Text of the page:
Your efforts to obtain clemency for Mr. Sylvester Adams have come to our attention. I wish to thank you for your concern, and for your efforts as an ecumenical body to come to the aid of this severely impaired individual.
The World Council of Churches has long opposed the application of the death penalty under any circumstance. It is a clear violation of international human rights norms and standards, and of Conventions to which the United States is a party.
The circumstances of this particular case prove the senselessness of the death penalty. There would appear to be substantial reason for this convicted violator to be penalized, perhaps even with a substantial prison term for the time he is deemed to be a threat to society. But society has nothing whatsoever to gain with his execution. We plead with you for clemency.
It is a tragedy that the death penalty exists anywhere in the world today. Virtually every democratic nation in the world has long since abolished it. It is striking and indeed shocking that the public and official appetite for vengeance in the United States had led state after state to restore the death penalty after many had stricken it from their books. The position of the United States as a self-declared defender of human rights around the world is severely weakened by its increasing application of this inhuman form of punishment.
I congratulate the South Carolina Christian Action Council, and its member churches for its forthright stance in this case, and against the travesty of justice which such a penalty represents. May God continue to guide and sustain you in your work for justice and peace.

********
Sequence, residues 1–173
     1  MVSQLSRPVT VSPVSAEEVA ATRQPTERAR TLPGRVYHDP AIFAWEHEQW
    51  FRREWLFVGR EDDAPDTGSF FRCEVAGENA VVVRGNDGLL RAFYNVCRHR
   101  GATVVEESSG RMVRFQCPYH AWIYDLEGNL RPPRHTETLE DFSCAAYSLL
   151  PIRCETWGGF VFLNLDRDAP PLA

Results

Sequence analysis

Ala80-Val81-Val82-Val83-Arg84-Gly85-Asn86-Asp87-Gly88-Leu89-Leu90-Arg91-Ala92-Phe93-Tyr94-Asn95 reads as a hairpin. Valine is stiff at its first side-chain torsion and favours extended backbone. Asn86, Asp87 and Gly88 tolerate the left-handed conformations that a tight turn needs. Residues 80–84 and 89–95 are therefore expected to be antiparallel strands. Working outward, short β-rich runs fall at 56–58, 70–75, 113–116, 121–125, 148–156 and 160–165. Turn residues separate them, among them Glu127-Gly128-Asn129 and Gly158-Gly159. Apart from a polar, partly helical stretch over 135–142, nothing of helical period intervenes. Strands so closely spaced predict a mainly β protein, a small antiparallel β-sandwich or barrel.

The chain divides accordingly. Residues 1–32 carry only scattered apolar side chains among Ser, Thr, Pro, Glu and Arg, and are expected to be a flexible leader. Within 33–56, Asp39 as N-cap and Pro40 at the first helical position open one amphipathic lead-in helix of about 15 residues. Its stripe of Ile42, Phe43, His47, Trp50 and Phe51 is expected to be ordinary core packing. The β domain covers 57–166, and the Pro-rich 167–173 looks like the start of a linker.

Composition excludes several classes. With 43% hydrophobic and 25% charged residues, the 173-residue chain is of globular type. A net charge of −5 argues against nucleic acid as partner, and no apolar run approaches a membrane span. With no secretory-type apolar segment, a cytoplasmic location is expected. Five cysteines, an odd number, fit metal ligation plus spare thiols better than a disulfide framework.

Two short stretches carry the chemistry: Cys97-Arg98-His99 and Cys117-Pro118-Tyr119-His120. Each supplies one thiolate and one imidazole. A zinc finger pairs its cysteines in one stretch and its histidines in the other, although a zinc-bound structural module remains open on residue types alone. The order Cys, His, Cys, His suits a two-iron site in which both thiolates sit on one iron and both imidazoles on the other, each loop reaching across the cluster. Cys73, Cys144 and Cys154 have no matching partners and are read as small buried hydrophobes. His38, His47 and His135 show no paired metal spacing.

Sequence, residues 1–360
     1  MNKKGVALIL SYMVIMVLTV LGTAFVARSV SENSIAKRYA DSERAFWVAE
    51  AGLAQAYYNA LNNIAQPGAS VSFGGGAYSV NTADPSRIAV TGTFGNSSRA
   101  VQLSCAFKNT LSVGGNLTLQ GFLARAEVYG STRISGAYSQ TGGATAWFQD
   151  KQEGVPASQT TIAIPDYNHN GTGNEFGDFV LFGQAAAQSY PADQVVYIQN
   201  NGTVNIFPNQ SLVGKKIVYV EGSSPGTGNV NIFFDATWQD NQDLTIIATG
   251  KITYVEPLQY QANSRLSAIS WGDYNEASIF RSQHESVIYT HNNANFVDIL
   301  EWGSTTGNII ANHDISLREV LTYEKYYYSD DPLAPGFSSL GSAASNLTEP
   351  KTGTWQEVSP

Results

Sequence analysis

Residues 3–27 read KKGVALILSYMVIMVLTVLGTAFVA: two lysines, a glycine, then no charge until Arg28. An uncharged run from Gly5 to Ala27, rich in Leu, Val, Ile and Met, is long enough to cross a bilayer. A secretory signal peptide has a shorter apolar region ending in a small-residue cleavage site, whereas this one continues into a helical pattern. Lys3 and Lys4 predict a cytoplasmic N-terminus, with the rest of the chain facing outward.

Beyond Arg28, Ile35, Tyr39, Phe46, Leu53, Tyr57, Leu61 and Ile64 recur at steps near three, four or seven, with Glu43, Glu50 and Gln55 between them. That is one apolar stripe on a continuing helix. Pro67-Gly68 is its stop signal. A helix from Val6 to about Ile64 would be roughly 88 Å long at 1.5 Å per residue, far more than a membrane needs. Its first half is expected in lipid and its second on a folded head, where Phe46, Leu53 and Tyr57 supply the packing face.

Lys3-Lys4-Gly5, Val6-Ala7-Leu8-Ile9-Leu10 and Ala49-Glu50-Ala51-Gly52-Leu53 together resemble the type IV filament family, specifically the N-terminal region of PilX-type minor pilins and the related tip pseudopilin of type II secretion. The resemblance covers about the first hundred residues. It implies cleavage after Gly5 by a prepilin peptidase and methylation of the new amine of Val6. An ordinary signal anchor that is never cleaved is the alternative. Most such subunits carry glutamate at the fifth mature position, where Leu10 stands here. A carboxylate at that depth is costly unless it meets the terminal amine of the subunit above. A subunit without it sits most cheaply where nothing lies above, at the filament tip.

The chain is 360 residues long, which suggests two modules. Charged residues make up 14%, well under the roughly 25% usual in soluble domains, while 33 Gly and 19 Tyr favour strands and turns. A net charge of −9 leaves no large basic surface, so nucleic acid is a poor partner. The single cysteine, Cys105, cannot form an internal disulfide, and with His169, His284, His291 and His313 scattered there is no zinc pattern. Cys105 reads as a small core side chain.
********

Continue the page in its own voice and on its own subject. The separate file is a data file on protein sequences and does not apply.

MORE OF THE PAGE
You are free to share the contents of this letter, should you so wish, with Governor Beasley and with others as appropriate.
Yours in Christ,
Dwain C. Epps
Commission of the Churches
on International Affairs
Letter to Mr. John Shattuck, Assistant Secretary of State for Democracy, Human Rights and Labor, 3 February 1998.
Dear Mr. Assistant Secretary:
In light of the 23 January Interim Report of the Advisory Committee on Religious Freedom Abroad, which we have read with care and considerable appreciation, I write to you, seeking your urgent intervention with President Clinton or with the other appropriate authority with respect to the tragic case of Karla Faye Tucker who faces execution tonight in the State of Texas.
Your responsibilities, I very much understand, are for United States foreign policy in the field of human rights. I address you in light of the widespread international attention focused on the internal human rights practices of the United States by this case. The credibility of United States Government efforts to deal responsibly and energetically with human rights abuses abroad, including threats to religious freedom, depends substantially on its internal practices.